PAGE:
Photos of President Joe Biden’s White House deputy coordinator for combatting monkeypox, Dr. Demetre Daskalakis, have gone viral after he delivered remarks on the virus.
Daskalakis was named to the position after he had served as the Centers for Disease Control and Prevention’s director of HIV prevention. He said that the virus “transmits through very close skin to skin physical contact, often in the setting of sexual exposure, but there are other mechanisms for its transmission, including if you touch objects of individuals who’ve had monkey pox touch or if, if you have prolonged exposure to respiratory droplets.”
Daskalakis then seemed to suggest that there are “men who have sex with men” who are not gay or transgender.
“With that said, signaling to people who are in the gay, bisexual, other men who have sex with men communities, and also transgender people who have sex with men, that it’s really important to have awareness, that it’s circulating in the community is really a critical part of the messaging while not generating inordinate concern and really focusing on the infection as linked to an identity,” he said. “So it’s just an infection that’s not linked to an identity. It just happens to be in the social network.”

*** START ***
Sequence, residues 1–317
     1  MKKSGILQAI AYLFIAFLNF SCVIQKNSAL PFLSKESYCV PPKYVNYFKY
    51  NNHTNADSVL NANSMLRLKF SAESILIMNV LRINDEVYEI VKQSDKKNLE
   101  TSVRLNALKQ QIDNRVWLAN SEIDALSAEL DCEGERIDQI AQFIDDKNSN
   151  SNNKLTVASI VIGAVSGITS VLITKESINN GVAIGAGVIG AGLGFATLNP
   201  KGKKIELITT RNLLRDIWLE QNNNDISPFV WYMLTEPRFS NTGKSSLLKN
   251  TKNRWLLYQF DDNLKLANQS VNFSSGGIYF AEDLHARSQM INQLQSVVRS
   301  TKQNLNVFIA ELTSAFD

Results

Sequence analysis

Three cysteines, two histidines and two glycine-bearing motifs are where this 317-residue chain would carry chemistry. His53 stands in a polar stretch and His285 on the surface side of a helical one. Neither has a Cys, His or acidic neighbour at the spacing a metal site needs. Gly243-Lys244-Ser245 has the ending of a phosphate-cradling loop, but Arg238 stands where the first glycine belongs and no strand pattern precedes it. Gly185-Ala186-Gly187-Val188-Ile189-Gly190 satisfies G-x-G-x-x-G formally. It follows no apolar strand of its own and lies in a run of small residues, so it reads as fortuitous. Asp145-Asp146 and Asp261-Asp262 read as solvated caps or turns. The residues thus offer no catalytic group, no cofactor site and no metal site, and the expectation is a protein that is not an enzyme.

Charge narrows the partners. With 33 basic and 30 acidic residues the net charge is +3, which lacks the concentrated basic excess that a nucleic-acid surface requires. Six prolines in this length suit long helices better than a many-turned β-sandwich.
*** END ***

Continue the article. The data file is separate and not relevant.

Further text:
Journalist Tom Elliott posted the video of the interview, following it up with a thread of photos on Twitter showing Daskalakis wearing raunchy outfits, some of which appeared to be in settings for photo shoots.
Daskalakis isn’t the first Biden official with a less than stellar online presence. Sam Brinton, who dresses in drag, was hired by the Biden administration at the Department of Energy.
Brinton, the deputy assistant secretary for Spent Fuel and Waste Disposition in the Office of Nuclear Energy, has courted controversy with his open advocacy of sexual fetishism and “puppy play,” a sexual “kink” involving role-playing as animals. Recently, a resurfaced seven-year-old essay he wrote for The Advocate, which was first reported by The National Pulse, showed him defending Rentboy.com, a website that advertised male escort services, but federal prosecutors said it was “designed primarily for advertising illegal prostitution.”
“Rentboy.com may or may not have broken the law,” Brinton wrote. “I don’t know. But I do know, from the frantic emails filling my inbox, that the raid on its headquarters has thrown many gay, bisexual, and transgender young adults into turmoil as their main source of income has been ripped away due to irresponsible and archaic views of sex work.”
The column ran shortly after federal prosecutors charged Rentboy.com CEO Jeffrey Hurant and six Rentboy.com employees with conspiring to violate the Travel Act by promoting prostitution.
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